Ah, what the hey. 6/10. Just make sure to stick the guy into a big unit of Bulls (or next to your Tyrant).

Magic Armour
Mastodon Armour - great if you fancy your Tyrant running around by himself (without the Bullgut, mind you, so not quite as useful), getting sniped by cannons. Alternatively, if you plan to use Ogre MSU with no Standards whatsoever (and so no Lookout Gnoblars) this item could be very handy.
On the other hand, if your Tyrant and his bodyguards plan to spend much of their game in combat, it's a 50 point suit of heavy armour. Albeit a cool conversion idea.
5/10. I don't see it at this point. Maybe on a Hunter.

Greatskull - great for a Tyrant stuck inside a great big unit of Ironguts or some such, since many players will try to throw all sorts of magical nastiness at that one particular unit.
8/10. Not as good for the points as Sizzla's Shiny Baubles, but is pretty good nonetheless.

Bullgut - throw this on with a Longstrider and a good offensive package, and you'll have one mean flank-charging Tyrant. Who, of course, won't be able to lend his great Ld to your main line for a while.
Alternatively, this item could work great on a Hunter. Notice I said “could?. Specifically, you'd probably have to team the guy with a 5+ strong Ogre unit (to avoid him getting sniped), detach the kitties and hope you can set up a legal flank charge with him at the same time as his “parent? unit hits something in the front.
7/10. My only issue is blending those dratted horns properly...

Gut Maw - why you wouldn't use this item with a good weapon and/or Wallcrusher/Giantbreaker/etc. is beyond me. Especially if your opponent likes to waste points on his unit champions. Or hails from Bretonnia.
Mind you not that many good tourney players do, which drops this item's effectiveness in the tourney scene drastically.
6/10. I see it, but wouldn't necessarily do it.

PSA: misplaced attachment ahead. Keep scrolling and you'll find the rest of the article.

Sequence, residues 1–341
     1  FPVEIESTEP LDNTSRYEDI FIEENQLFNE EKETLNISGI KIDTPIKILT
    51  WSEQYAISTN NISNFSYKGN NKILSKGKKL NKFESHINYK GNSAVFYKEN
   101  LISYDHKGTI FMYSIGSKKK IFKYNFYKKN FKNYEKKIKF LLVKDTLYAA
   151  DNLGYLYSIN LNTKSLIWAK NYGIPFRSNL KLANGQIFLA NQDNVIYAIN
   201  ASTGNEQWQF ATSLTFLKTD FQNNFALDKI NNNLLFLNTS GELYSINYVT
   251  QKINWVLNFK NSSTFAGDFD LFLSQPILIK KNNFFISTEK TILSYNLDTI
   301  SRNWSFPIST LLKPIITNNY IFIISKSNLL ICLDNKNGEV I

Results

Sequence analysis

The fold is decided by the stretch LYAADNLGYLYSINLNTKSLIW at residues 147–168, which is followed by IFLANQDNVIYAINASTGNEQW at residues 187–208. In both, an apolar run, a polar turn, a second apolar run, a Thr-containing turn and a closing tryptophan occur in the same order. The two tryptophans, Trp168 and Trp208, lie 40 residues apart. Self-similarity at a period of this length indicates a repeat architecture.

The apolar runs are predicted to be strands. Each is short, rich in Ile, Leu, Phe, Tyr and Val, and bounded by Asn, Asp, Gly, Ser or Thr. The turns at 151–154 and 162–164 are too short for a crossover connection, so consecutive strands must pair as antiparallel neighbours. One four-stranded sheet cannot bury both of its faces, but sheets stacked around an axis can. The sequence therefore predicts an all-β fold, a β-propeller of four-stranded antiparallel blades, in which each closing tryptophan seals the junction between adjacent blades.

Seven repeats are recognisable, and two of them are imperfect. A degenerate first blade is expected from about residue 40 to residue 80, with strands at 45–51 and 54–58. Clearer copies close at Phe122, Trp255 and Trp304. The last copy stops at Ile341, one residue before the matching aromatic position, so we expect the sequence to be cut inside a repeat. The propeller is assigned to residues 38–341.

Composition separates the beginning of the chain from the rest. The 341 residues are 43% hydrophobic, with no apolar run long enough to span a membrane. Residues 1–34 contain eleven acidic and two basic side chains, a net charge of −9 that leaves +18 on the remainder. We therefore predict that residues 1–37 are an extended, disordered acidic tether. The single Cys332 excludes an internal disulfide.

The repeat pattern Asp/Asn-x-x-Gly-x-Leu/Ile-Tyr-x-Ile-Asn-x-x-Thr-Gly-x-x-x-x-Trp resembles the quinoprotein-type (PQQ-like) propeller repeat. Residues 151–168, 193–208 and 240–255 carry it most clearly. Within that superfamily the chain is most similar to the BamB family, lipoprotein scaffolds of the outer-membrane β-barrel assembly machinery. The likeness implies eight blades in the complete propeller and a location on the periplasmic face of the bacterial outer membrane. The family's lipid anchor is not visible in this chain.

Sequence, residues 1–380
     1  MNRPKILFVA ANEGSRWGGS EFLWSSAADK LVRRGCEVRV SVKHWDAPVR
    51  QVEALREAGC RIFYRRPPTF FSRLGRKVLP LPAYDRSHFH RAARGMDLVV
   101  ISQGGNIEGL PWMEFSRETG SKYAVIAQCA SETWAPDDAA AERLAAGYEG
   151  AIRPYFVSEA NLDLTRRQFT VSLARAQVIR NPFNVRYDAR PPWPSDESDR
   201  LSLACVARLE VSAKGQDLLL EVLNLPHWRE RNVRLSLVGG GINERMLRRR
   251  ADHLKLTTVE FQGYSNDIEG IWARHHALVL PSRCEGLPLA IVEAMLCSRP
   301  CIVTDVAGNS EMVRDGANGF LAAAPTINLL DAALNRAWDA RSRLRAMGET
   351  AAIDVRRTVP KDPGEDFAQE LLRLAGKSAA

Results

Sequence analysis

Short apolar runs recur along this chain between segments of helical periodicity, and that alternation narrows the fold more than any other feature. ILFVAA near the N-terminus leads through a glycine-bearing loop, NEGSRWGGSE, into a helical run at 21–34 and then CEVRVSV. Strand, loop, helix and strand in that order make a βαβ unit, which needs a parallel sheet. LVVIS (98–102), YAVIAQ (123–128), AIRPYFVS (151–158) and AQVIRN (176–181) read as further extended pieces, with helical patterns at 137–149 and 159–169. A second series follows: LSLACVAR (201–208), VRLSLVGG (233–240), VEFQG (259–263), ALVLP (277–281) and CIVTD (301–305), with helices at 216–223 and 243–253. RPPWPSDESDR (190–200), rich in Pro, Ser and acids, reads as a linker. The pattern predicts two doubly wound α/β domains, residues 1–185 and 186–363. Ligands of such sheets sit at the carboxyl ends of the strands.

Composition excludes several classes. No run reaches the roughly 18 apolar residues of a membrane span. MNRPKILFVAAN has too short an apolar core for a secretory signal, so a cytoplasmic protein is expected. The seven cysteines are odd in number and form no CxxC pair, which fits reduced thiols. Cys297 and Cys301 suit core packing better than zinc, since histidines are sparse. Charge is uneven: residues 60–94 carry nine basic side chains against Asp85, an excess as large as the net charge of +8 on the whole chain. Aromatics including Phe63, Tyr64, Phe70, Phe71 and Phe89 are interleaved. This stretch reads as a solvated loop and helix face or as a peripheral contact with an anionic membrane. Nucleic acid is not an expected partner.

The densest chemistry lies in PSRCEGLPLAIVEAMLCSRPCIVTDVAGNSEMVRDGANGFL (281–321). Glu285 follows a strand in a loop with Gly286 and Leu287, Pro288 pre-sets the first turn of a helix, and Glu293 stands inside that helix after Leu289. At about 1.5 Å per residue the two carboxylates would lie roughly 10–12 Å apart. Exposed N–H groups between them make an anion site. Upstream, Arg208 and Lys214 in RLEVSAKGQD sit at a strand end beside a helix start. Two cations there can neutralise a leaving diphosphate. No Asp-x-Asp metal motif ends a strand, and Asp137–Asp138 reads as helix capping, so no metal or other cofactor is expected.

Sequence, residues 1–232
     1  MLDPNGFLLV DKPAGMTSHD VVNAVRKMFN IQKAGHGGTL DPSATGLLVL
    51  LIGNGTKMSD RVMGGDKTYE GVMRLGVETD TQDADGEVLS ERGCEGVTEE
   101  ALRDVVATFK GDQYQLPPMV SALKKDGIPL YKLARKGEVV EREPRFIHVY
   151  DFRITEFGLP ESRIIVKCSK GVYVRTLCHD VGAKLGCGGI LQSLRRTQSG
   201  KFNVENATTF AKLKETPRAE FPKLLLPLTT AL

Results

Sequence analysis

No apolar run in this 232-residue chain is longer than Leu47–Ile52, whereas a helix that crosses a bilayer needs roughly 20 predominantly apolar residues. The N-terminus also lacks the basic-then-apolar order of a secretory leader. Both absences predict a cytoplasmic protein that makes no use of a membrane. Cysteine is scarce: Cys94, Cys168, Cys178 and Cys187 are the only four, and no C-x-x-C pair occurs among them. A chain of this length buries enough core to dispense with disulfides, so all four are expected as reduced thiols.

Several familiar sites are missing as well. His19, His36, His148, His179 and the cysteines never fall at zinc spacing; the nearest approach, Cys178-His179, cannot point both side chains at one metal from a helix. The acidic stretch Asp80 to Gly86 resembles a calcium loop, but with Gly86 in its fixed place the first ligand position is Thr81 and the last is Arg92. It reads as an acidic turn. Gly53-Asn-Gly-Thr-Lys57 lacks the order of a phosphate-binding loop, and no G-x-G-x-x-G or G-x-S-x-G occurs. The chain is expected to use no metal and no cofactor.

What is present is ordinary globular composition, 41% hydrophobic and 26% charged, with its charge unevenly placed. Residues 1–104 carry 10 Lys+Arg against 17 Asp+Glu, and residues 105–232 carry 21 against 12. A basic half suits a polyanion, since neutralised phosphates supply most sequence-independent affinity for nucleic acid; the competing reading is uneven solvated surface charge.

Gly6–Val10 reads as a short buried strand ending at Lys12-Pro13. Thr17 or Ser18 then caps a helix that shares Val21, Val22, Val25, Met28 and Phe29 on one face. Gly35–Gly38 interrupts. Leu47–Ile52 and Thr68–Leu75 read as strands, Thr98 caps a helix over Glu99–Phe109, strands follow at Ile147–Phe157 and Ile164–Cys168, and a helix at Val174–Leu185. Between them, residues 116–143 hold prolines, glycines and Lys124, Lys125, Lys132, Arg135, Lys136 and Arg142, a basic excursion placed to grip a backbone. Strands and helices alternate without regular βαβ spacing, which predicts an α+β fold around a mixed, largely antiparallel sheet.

Greedy Fist - the whole thing assumes that there will be a successful saving throw. Given that so many magical weapons out there are high S, no save, or some other unpleasantness...ugh.
3/10. I don't see this one happening. Not against an Oldblood with a Blade of Tzunki or some such.

Talismans
Cathayan Jet - has potential, especially on a solitary character (Hunter, Bullgut Tyrant, etc.). Not worth it on anyone hidden inside a large unit with a Lookout Gnoblar.
6/10. Totally depends on your character setup.

Spangleshard - to be honest, I initially liked the concept. Then I ran the numbers. Basically, unless you're being smacked with S7+ weaponry, the item's effectiveness in stopping wounds is equal to or worse than that of a 6+ Ward (i.e. Talisman of Protection which costs half as many points). Even against S7+ hits, a Spangleshard is still worse than a 5+ Ward.Is that worth 30 points? Especially when it doesn't/barely works against S3/S4 attacks?
1/10. There are some uses for it. In theory. Especially if the list-building process involves much Dwarfish ale.

Wyrdstone Necklace - hmmm. Giving up a wound with no save whatsoever. Luck Gnoblars don't apply here, by the way (since they allow you to re-roll saves ) - may seem harsh. Then again, if you have 2 Butchers in your army, perhaps not so harsh. And a 5+ Ward is a nifty thing to have, if you've got the points.8/10. The potential wound is a bit of a pain, especially if you're running a Butcher-less army (you know who you are), but it's not too bad as you start off with 5 wounds anyhow.

Gnoblar Thiefstone - he. Hehe. Hehehe. Burn baby burn.
The only downside to this item is that it takes up your "Talismans" slot (so no necklaces, wands, or any other such nonsense). Otherwise, no reason why you shouldn't stick this in your bigger Ogre blocks, especially if you face Magehammer a lot and “forget? to bring enough Butchers/dispel scrolls (and over the past couple of years I've seen more and more Magehammer builds at tourneys).
9/10. Oh, if only my other armies had access to these…

Arcane Items
Hellheart - great insurance against Magehammer. Especially during mid-game/end-game, when the guy is trying to squeeze every point out of his mages (and feels he can win the game by doing so).
On the other hand, there are so many better Butcher-only items out there...this one just loses out. I'd love to bring one of these to a tourney though.
7/10. Guaranteed to drop your Sports score, under the right circumstances...

Grut's Sickle - this is a tough one. Can be quite useful, especially if you park some Gnoblars next to the Butcher in question. On the other hand, is one extra dice per phase really worth the trouble?
6/10. Can be useful, I'd run something else though.

Halfling Cookbook - given the utter usefulness of both Bonecruncher, Toothcracker and Trollguts, I don't see why you wouldn't take this item for your "frontline, support the Tyrant" Butcher.
Plus it's only 25 points. Oh come on. You know you wanna.
10/10. Find the Halflings!! (Always wanted to say that).